Burns H. Weston International Human Rights Essay Prize
The UICHR sponsors the annual Burns H. Weston International Human Rights Essay Prize. Each year, two awards are made: one to an undergraduate and another to a graduate or professional school student. The prizes honor the fine work of University of Iowa students and the lifetime work of Professor Burns H. Weston of the College of Law. The winners receive $750 (undergraduate) or $1000 (graduate or professional student), and are recognized at an awards event. The writing competition is open to all students enrolled during the 2012-2013 school year at the University of Iowa, Iowa State, or the University of Northern Iowa in any academic discipline.
Undergraduate essays should be 15-20 pages in length; graduate essays 25-40 pages in length. Essays can discuss current events or history, law, public policy, or the arts & humanities. The essay does not need to be produced exclusively for the competition in order to qualify for review; the essay can be a paper written for a class. The only requirement is that the essays address issues of international human rights.
The deadline for the 2013 Weston Essay Prize competition is December 13, 2013. Please bring essays to the UI Center for Human Rights office in 1120 University Capitol Centre or mail to UICHR, 1120 UCC, 201 So. Clinton Street, Iowa City, IA 52242.
“Searching for Paradise after a Genocide: Searching for Peace and Reconciliation”
Undergraduate, International Studies
“Implementation of the Responsibility to Protect Principle in Libya"
Exceptional Incoherence: Humanitarian Intervention in Post-Cold War American Policy”
Graduate, American Studies
“Hope Dies Last’: The Matter of R-A- and Gender-Based Asylum Claims”
Undergraduate, College of Liberal Arts and Sciences, BA in International Studies.
“Water Privatization and Global Health: A Threat to the Human Right to Water”
Undergraduate, College of Liberal Arts and Sciences, international studies/ pre-law: "Human Rights Policy: The Bridge between Rights Philosophy and Rights Practice"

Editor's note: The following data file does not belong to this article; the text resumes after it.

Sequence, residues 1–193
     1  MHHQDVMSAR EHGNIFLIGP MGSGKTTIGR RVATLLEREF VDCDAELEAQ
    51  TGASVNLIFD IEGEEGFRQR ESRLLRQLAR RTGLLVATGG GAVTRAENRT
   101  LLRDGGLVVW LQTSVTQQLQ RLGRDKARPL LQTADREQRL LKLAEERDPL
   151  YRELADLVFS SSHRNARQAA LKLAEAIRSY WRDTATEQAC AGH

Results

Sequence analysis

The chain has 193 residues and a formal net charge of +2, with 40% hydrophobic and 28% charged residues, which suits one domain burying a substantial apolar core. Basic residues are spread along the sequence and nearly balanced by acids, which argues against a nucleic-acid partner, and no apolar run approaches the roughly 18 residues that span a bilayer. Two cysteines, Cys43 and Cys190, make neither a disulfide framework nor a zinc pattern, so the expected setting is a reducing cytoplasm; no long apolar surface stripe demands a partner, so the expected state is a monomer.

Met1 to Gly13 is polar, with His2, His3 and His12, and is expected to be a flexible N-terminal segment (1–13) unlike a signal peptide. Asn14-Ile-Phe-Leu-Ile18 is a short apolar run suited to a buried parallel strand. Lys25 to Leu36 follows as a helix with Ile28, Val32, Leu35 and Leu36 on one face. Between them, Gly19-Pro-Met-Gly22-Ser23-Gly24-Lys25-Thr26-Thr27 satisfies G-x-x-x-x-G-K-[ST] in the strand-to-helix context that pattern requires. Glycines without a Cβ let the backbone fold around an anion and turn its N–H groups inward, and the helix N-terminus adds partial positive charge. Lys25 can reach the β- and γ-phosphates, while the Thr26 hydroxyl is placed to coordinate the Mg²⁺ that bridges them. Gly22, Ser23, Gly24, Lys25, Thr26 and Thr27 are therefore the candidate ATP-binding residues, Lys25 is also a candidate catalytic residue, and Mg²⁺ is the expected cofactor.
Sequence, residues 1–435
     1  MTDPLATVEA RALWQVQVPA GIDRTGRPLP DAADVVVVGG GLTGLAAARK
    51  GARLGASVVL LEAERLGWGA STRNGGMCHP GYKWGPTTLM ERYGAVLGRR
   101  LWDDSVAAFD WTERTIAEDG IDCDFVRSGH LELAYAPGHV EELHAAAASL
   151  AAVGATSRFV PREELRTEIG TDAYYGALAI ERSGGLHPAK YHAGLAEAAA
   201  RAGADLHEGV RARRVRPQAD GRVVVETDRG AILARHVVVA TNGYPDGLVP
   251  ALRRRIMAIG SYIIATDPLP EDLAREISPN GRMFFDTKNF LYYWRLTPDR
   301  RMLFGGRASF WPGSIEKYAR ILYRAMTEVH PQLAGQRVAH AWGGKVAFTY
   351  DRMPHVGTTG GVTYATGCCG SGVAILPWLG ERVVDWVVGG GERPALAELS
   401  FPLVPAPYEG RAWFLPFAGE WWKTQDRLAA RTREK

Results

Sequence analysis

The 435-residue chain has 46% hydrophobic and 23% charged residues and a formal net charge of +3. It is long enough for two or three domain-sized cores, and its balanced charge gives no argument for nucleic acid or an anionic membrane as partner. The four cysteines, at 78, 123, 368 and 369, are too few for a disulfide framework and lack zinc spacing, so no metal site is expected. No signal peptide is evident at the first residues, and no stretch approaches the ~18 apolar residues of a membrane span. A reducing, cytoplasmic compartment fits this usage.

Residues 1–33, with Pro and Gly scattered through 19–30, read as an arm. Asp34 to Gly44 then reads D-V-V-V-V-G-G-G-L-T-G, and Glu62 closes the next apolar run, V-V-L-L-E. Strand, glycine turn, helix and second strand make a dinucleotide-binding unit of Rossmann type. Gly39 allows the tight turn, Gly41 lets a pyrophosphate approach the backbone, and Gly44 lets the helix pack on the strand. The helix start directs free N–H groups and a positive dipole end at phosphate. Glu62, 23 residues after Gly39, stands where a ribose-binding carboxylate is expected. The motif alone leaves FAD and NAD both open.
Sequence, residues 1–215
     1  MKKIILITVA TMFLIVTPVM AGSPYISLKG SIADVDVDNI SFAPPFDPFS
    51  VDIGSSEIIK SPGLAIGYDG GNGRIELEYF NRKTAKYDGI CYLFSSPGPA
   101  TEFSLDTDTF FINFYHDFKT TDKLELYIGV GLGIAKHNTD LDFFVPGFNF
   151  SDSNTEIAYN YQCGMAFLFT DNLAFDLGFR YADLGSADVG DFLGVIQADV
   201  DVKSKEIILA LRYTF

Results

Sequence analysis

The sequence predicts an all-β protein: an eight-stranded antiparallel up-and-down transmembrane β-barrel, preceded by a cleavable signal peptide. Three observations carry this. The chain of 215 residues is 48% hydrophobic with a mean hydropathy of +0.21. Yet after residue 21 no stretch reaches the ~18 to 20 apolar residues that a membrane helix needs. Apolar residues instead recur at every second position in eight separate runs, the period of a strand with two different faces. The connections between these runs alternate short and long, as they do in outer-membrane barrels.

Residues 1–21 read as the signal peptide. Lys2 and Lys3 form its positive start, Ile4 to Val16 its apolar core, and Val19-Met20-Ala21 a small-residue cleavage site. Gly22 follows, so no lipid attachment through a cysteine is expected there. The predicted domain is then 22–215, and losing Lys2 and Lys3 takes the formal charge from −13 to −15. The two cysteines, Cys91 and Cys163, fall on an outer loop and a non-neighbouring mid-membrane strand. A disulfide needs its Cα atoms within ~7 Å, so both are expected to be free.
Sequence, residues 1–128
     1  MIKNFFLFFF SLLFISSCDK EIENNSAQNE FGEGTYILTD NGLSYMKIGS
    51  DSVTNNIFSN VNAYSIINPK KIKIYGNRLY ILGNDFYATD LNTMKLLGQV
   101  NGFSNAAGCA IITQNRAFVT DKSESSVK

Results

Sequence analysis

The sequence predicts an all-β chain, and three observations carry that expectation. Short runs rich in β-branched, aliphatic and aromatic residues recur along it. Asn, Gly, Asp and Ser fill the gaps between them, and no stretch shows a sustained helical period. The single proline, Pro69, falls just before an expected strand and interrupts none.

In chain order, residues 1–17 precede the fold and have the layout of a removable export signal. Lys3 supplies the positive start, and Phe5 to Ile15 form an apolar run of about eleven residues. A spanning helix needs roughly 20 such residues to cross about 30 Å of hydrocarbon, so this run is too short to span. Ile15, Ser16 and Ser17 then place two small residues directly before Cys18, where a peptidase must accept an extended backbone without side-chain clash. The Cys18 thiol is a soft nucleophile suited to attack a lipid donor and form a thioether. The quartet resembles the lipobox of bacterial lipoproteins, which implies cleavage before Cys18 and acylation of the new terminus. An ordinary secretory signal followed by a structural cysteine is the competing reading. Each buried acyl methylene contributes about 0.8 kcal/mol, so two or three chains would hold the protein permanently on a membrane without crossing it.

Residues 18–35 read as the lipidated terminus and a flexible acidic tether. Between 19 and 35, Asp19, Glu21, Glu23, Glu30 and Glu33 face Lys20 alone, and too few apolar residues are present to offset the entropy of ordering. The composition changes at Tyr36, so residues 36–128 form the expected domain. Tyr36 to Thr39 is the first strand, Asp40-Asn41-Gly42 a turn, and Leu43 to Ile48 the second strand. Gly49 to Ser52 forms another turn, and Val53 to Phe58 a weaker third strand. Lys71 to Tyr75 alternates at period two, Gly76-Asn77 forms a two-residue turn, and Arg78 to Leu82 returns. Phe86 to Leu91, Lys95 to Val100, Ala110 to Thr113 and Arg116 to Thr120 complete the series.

This year’s pool as a whole was of outstanding quality, and we received the largest number of submissions ever! We received seven undergraduate submissions and sixteen graduate submissions representing diverse disciplinary perspectives and diverse types of formats and styles.
“Extending the Refugee Definition to Cover Environmentally Displaced Persons Displaces Necessary Protections” (Graduate/Professional, College of Law)
"U.S. Funded HIV/AIDS Prevention Programs in Kampala, Uganda: the Gap Between the Theoretical and the Practical” (Undergraduate, College of Liberal Arts and Sciences, Communication Studies)
Runner-up/Honorable Mention: Judith Faucette
“Affirming Equality: An Argument for Express Recognition of the Prohibition on Orientation Based Discrimination in International Human Rights Law” (Graduate/Professional, College of Law)
Dual-degree student seeking a J.D. at the College of Law and a Ph.D. in higher education
"Lubanga, the DRC, and the African Court: Lessons Learned from the First ICC Case."
Senior in History and Geography
"Outside the Public Eye: How the Carter Administration Used 'Quiet Diplomacy' to Impact Human Rights in Argentina."
Second-year College of Law
"Conflict of National Identity with Minority Religious Rights in Russia and France: A Conundrum for the European Court of Human Rights."
Senior in Religious Studies and International Studies
“The Rise of Orthodoxy and Heresy in Pakistan: The Institutionalized Persecution of the Ahmadiya Religious Minority.”
Second-year College of Law
“Towards an Optional Protocol to the ICESCR: Local Contexts, Global Norms, and a Trickle-Up Theory of Justiciability.”
Senior in Women's Studies and Anthropology
"Speaking from Behind Closed Doors: The World Health Organization, Maternal Health and Hegemony."
College of Law
"Bringing Back the 'Real Iraq': Eliminating Honor Crimes in Post-War Iraq."